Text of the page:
SAR and QSAR in environmental chemistry and toxicology : Scientific tool or wishful thinking
Although Quantitative Structure Activity Relationships (QSAR) methods may occasionally be misconceived as a magic tool which could - with the help of a computer and corresponding software programs - rapidly close the gaps in existing chemical, environmental and toxicological data files, a more critical approach cannot but reveal its utility in the application of validated models to environmental and ecotoxic risk assessment. If applied properly within the limits of validity and with expert judgement, considerable progress in the collection and screening of relevant chemical and toxicological data can be accomplished. In contrast, if applied improperly or indiscriminately, apparent results might be quite misleading. There is every prospect of a further expansion in the application of QSAR techniques, not only in increasing the number of validated models available and in improving their inherent predictive reliability, but also in finding a wider range of conscious and expert users. Much is to be gained if the overwhelming task of risk assessment of the multitude of existing and potentially hazardous chemicals can be addressed in a parallel and complementary manner.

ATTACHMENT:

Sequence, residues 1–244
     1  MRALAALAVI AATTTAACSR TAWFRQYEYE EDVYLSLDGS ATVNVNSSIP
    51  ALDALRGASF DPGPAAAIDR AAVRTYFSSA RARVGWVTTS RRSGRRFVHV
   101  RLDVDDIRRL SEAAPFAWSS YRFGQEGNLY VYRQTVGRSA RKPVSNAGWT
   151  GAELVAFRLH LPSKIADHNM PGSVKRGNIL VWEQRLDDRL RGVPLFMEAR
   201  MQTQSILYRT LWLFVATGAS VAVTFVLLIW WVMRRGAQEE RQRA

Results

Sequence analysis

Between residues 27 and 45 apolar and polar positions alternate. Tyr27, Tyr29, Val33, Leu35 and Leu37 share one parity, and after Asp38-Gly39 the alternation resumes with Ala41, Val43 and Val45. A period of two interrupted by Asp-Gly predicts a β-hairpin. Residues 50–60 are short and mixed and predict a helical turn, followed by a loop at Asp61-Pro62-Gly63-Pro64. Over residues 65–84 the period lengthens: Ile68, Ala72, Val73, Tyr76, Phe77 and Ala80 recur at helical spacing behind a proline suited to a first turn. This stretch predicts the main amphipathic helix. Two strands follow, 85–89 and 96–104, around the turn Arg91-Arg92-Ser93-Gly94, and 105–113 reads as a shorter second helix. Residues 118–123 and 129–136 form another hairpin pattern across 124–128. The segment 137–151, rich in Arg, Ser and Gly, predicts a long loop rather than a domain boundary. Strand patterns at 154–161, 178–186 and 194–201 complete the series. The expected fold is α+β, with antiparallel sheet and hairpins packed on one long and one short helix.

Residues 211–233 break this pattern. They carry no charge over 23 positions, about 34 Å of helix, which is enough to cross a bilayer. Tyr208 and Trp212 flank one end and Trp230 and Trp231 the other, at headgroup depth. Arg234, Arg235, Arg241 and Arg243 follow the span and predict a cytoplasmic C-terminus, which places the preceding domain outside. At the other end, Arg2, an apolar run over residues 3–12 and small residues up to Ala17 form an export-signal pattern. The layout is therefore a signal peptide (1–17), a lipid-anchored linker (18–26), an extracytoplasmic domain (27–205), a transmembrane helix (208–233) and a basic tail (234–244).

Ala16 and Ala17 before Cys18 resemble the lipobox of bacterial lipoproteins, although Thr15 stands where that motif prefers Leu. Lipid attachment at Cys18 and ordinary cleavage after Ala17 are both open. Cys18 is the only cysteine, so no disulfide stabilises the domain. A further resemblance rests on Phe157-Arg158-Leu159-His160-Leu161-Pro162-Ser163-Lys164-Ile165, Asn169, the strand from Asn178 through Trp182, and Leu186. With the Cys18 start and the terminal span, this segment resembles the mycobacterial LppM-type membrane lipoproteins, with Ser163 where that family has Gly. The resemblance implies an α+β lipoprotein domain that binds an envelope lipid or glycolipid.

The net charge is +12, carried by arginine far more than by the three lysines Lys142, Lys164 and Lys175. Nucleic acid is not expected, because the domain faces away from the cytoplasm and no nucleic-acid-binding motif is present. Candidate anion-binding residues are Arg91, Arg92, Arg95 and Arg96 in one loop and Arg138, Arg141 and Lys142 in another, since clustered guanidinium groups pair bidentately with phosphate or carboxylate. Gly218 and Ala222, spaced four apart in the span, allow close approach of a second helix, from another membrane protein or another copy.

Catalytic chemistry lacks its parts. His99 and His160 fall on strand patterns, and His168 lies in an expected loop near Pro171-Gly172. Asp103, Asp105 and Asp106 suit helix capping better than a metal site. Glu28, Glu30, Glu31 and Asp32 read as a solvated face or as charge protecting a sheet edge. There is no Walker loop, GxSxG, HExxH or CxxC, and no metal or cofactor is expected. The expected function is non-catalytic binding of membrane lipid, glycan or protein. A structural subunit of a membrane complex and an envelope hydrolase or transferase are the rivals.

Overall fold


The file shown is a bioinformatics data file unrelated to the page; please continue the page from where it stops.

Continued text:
Bibliographic Reference: Paper presented: EURO-Course on Practical Applications of QSAR in Environmental Chemistry and Toxicology, Ispra (IT), June 11-15, 1990
Availability: Available from (1) as Paper EN 35386 ORA
Record Number: 199010858 / Last updated on: 1994-12-01
Original language: en
Available languages: en